Skip to Navigation
University of Pittsburgh
Print This Page Print this pages

June 8, 2017

University Senate Matters

Title IX and My Syllabus: Guidelines for the Classroom

The role of a “Responsible Employee” became part of Pitt’s Sexual Misconduct Policy (06-05-01) in the summer of 2016. The policy outlines expectations for faculty, graduate student instructors and staff to report incidents of sexual misconduct to the Title IX office housed in the Office of Diversity and Inclusion.

This part of the policy has opened many questions about what would be considered a report in classroom situations. More specifically, many instructors had questions about what to do if students share information about a previous assault in class, during office hours or in a written assignment or class project.

After their mandatory training on Title IX, many instructors had follow-up questions about their teaching not directly addressed in the training:

  • “How do I tell students about Title IX?”
  • “Can I put something on my syllabus about Title IX? Should I?”
  • “What should I do if a student talks about sexual assault in a writing assignment? Or during class?”

Instructors in the Gender, Sexuality, and Women’s Studies Program (GSWS) often discuss gendered violence as part of coursework and the potential for Title IX questions to arise may be higher than in other disciplines. As a result, the program faculty approached Katie Pope, Title IX coordinator, of the Title IX office. GSWS Director Todd Reeser and the other program faculty wanted to open a discussion about the possibility of a syllabus statement that could be used in all GSWS courses. They wanted to convey to students in writing, from the first day of a given course, instructional practice related to Title IX, but they themselves also wanted to feel less concerned about how and when to convey information to students. A written statement for all program syllabi, they believed, would offer a standardized format to assuage their concerns while complying with University policy. Such a statement would address concerns with the Responsible Employee program while also making clear to students that the primary concern of the institution is to create a positive learning environment and to bring to attention available campus resources.

The GSWS instructors had the classroom experience and Pope had the administrative experience. Their collaborative discussions led to the creation of a suggested syllabus statement, titled Sexual Misconduct, Required Reporting, and Title IX. The statement is now included on all GSWS syllabi.

The guidelines Pope, Reeser and GSWS faculty developed attempt to address anxiety faculty might face both inside and outside the classroom. They wanted faculty to feel confident about how they should respond, and when it was appropriate and necessary to report to Title IX. The guidelines are designed to address reports to faculty that would occur:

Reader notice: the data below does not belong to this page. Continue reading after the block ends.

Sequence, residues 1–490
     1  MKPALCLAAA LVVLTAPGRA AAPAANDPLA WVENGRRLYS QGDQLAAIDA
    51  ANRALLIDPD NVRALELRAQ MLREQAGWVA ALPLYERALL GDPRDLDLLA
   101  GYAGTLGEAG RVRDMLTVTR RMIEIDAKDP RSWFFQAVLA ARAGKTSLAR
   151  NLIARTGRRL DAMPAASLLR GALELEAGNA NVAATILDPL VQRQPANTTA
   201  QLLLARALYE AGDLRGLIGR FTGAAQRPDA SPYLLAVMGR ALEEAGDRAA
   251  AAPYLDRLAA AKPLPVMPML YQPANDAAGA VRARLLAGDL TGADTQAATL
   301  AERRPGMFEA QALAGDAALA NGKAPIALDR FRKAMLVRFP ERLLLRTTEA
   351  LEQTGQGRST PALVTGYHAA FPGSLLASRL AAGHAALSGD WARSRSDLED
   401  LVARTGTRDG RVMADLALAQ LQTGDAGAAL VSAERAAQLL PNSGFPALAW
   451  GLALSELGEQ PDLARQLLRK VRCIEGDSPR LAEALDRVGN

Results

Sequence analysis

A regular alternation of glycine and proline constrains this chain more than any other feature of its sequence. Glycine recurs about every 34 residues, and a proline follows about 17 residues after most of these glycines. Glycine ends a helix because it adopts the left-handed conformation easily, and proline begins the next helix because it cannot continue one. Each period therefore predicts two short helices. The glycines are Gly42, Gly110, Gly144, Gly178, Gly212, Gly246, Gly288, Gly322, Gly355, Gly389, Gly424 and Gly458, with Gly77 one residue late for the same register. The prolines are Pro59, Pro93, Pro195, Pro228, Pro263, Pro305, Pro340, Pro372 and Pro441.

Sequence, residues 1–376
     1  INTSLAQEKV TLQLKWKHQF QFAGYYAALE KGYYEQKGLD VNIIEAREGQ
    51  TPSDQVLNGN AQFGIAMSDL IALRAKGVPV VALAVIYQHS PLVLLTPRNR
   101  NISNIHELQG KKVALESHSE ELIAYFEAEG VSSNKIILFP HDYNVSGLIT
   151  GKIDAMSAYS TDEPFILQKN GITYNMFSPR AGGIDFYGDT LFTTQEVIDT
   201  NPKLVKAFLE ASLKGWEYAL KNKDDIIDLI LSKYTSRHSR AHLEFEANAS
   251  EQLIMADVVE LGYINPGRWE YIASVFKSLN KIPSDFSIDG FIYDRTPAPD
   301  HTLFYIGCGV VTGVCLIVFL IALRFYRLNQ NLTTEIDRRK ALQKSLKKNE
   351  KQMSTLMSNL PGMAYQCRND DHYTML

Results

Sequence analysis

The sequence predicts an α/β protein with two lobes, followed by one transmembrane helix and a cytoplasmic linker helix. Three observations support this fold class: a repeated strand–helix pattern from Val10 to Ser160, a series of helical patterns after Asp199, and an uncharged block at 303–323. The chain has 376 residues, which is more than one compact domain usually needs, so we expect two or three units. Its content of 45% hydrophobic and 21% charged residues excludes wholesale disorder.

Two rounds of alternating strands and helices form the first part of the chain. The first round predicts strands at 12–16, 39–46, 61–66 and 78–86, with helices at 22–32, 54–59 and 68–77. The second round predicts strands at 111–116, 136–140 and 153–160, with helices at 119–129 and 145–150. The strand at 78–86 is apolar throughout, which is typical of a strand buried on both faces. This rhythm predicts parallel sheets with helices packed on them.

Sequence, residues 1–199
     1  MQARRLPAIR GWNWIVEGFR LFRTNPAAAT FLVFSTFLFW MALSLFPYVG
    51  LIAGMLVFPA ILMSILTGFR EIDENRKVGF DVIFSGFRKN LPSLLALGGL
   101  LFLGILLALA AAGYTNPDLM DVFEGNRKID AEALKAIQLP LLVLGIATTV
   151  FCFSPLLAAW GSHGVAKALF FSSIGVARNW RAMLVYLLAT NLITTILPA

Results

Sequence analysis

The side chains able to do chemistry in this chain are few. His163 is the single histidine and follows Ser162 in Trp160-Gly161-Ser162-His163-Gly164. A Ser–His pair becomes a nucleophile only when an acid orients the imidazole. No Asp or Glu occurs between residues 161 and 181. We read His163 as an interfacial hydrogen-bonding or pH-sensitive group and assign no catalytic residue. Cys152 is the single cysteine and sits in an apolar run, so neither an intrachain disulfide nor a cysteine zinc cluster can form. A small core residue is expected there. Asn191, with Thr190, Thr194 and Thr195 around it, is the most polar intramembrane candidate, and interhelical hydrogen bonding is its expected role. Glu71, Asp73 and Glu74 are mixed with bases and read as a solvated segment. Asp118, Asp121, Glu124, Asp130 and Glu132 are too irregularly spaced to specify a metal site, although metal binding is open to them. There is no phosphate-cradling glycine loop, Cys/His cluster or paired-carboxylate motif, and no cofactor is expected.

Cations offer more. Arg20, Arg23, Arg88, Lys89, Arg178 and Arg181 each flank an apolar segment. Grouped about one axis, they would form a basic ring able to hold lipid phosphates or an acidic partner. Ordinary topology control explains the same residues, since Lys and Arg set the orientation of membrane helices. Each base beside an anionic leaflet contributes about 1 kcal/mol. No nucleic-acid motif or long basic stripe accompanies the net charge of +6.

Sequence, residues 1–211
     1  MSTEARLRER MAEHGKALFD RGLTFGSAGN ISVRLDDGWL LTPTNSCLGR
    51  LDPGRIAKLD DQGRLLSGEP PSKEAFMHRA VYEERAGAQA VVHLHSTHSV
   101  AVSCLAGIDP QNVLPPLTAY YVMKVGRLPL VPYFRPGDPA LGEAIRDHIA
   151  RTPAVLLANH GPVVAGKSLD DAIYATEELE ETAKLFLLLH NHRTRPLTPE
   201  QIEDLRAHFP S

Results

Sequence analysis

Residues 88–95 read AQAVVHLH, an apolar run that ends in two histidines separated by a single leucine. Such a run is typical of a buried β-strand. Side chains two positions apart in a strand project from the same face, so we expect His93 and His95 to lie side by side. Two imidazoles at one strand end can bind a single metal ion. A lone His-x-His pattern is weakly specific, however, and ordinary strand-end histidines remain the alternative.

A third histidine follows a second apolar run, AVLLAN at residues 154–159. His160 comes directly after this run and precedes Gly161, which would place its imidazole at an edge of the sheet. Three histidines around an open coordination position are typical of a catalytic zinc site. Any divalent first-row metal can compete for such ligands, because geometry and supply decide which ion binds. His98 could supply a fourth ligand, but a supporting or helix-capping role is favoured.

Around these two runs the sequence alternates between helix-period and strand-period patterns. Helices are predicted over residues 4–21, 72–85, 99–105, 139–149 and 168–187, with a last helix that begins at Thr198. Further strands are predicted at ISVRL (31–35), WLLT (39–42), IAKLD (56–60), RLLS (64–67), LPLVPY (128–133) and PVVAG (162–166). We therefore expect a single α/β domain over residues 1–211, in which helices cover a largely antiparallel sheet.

• in the classroom,
  • during office hours or
  • in a class assignment.

Each of these situations presents different circumstances related to whether reports should be made to the Title IX office.

  • In the classroom, if a student reports previous victimization, it may well be part of the natural course of discussion, and therefore not something that an instructor would be required to report.
  • However, if a student seeks out a professor after class or during office hours to discuss a previous assault or to ask for help due to that assault, that would be considered a request for help to a Responsible Employee, and therefore, should be reported to Title IX.
  • In a situation involving a class project or paper in which a student reveals an incident, the instructor would not be required to report to Title IX. However a student who may come forward, asking for assistance, as a result of a project or paper would trigger the Responsible Employee role.
  • The GSWS program has made these guidelines available on their website for any instructor to use. Instructors interested in adapting these guidelines should contact Pope to discuss.

The Title IX office was very pleased to engage in this discussion and process with GSWS and to have had the opportunity to work with the program on these guidelines. While these guidelines represent a positive step forward in clarifying Responsible Employee expectations for faculty and for students, the Title IX office is committed to providing ongoing training and assistance for faculty and staff who want to know more about how to have conversations with students that may report. Available resources include a video based on student feedback after reporting to a Responsible Employee. The Office is developing in-depth training that will use case studies and scenarios to facilitate practicing talking to anyone who might report, talking to that person about the Responsible Employee role and helping them to better understand what happens once a report is given to the Title IX Office.


Todd Reeser is the program director for Gender, Sexuality, and Women’s Studies (GSWS) and professor of French and GSWS. He can be reached at

Katie Pope is Title IX coordinator in the Office of Diversity and Inclusion. She can be reached at

Leave a Reply